Set in the not-too-distant future, ex-ballet dancer Rin Ogata struggles to find an identity for herself in a world run by an organisation called the GGP. As she starts college, she encounters the Rideback club, a group of enthusiasts who race and maintain transformable mecha that resemble motorbikes with arms. Could this be the outlet she's been looking for? And what's the real history of the Rideback anyway?
Ah, Madhouse... is there any daft idea you can't turn into an achingly cool production? From the almost Knightrider inspired opening beats of the intro, Rideback is just a tour-de-force in style. It combines ballet and mecha in the most bizarre way, but does so with enough passion and grace as to make it seem completely natural.
It helps that the script is nicely paced and actually has a payoff after only 12 episodes. The cast is kept small, and is all the better for it - the Rideback club providing the sort of everyday backdrop that's fun to relate to, with shadowy figures always on the horizon to add an element of ever-present danger.
The soundtrack is great too - it's never intrusive, but always adds to each scene whether it be pathos or Hollywood-style action.
The visuals are very crisp, and it's a shame that we only have the DVD to work with in the UK (the Blu Ray is available in the US). Colours are beautiful and at times the detail is just stunning, but even on DVD the series can be appreciated as a lovely piece of work.
It's the visual direction that gives the series a solid punch though. The opening episode, showing a narrated ballet scene, is as graceful in shot as it is in form - the camera swoops around a dancing Rin and captures all the beauty of the moment, before casting her aside as she injures herself, really capturing the crushing feeling of having her dreams snatched away from her.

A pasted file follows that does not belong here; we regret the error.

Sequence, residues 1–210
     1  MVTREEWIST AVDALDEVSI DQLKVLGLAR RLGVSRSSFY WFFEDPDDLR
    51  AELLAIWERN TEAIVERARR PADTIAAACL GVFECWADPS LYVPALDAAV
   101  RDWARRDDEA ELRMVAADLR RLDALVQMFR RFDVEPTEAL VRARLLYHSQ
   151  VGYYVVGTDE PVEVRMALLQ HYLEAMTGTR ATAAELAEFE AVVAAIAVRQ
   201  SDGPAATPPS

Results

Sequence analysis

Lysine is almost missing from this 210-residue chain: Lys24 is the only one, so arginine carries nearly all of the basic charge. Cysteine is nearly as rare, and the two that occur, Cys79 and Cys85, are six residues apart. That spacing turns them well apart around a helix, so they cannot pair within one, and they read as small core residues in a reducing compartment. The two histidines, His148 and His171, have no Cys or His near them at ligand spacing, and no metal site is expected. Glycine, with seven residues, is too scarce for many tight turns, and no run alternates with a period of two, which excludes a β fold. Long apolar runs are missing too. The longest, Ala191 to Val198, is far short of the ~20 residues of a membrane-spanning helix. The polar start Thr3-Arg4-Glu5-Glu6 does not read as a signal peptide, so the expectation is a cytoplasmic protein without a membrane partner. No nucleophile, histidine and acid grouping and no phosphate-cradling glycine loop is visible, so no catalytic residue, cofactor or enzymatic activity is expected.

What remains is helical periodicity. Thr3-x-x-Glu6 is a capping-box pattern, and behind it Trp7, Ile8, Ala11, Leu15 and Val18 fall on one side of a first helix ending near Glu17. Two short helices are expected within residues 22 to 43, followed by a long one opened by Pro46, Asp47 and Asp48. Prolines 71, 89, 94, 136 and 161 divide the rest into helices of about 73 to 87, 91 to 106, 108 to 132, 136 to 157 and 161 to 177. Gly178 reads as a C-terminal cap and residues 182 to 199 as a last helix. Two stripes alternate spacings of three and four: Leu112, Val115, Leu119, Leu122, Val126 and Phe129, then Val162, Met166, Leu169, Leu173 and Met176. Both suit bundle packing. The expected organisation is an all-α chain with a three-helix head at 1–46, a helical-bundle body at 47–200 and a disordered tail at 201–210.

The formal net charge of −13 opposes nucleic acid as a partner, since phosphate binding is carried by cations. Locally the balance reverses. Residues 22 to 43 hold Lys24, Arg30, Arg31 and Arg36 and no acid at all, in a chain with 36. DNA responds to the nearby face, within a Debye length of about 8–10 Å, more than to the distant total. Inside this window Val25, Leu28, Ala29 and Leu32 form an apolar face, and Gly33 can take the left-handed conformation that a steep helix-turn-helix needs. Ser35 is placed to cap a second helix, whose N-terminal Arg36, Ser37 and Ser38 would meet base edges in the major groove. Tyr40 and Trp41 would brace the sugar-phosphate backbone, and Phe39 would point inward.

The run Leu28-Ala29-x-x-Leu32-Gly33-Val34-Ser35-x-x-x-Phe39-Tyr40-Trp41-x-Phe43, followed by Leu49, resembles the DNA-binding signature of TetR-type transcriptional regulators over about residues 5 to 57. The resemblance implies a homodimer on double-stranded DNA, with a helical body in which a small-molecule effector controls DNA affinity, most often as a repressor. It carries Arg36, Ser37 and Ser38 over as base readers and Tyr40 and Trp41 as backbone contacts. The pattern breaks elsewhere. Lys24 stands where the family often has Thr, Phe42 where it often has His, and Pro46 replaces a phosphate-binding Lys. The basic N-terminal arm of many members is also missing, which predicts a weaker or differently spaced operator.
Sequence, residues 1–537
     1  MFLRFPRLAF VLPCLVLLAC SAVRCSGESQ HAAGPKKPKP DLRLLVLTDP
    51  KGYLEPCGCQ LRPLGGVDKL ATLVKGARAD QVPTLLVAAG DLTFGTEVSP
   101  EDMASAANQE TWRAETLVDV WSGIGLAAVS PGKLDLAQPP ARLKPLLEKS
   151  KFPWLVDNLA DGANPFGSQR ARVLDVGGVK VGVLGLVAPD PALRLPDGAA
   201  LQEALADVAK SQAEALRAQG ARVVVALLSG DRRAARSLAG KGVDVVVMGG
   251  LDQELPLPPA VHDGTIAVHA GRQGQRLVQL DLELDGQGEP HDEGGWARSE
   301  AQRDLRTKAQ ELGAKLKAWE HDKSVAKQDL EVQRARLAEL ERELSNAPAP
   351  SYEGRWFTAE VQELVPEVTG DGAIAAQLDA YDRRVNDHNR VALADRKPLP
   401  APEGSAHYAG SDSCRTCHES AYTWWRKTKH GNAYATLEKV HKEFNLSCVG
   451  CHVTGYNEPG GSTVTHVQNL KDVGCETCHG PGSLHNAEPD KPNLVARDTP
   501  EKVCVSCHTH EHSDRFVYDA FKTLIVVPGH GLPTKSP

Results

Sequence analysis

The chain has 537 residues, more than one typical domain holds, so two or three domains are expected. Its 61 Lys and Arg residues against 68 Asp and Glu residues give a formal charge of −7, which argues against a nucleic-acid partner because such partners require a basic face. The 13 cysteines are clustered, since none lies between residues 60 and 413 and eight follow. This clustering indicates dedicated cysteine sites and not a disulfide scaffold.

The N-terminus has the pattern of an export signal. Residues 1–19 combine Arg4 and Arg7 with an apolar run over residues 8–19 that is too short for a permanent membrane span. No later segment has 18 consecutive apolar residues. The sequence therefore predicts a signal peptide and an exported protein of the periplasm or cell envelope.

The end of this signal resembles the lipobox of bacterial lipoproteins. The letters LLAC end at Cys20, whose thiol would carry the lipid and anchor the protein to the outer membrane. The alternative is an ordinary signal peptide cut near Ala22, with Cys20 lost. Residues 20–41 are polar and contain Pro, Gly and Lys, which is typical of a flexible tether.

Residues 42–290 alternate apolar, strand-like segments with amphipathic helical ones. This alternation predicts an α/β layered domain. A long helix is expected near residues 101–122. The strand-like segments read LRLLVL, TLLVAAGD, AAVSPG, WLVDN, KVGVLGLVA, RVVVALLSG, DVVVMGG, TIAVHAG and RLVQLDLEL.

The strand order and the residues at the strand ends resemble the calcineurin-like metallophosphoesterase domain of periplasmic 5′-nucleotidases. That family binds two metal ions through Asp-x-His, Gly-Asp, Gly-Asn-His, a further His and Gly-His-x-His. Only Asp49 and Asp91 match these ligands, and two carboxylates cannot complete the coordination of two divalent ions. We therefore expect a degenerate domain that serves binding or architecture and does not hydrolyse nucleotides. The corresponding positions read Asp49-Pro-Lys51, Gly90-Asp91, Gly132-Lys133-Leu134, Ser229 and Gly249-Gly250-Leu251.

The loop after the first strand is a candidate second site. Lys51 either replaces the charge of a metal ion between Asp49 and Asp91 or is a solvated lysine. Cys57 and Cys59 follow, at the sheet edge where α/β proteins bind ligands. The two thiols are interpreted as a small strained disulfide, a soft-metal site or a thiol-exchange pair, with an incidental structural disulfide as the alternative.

The series works as a slice-of-life, but unusually there's no male lead for Rin to fall for. There are some touchingly romantic scenes between 2 other characters, but otherwise this is entirely about Rin's struggle in a world turned upside down by politics.
What makes Rideback work (where it really shouldn't) is in the everyday space it occupies. Even under a new military regime, the world continues to turn as normal, and the events of the tale are very much the ordinary meeting the extraordinary and how those involved cope with the fallout. It's entirely believable within it's own worldview, and that lends it a weight that few other anime manage.
The English dub isn't bad - the cast match the character designs pretty well, and despite the odd squeaky performance (Rin-fan Suzuri is the main culprit here) there's nothing to take away from the drama if you choose to forego the original language.
Rideback is an all-too short treat from Manga Entertainment, and should be embraced for its strong female leads, excellent direction and intelligent pacing. The fact that motorbikes with arms jump off bridges doesn't hurt it either.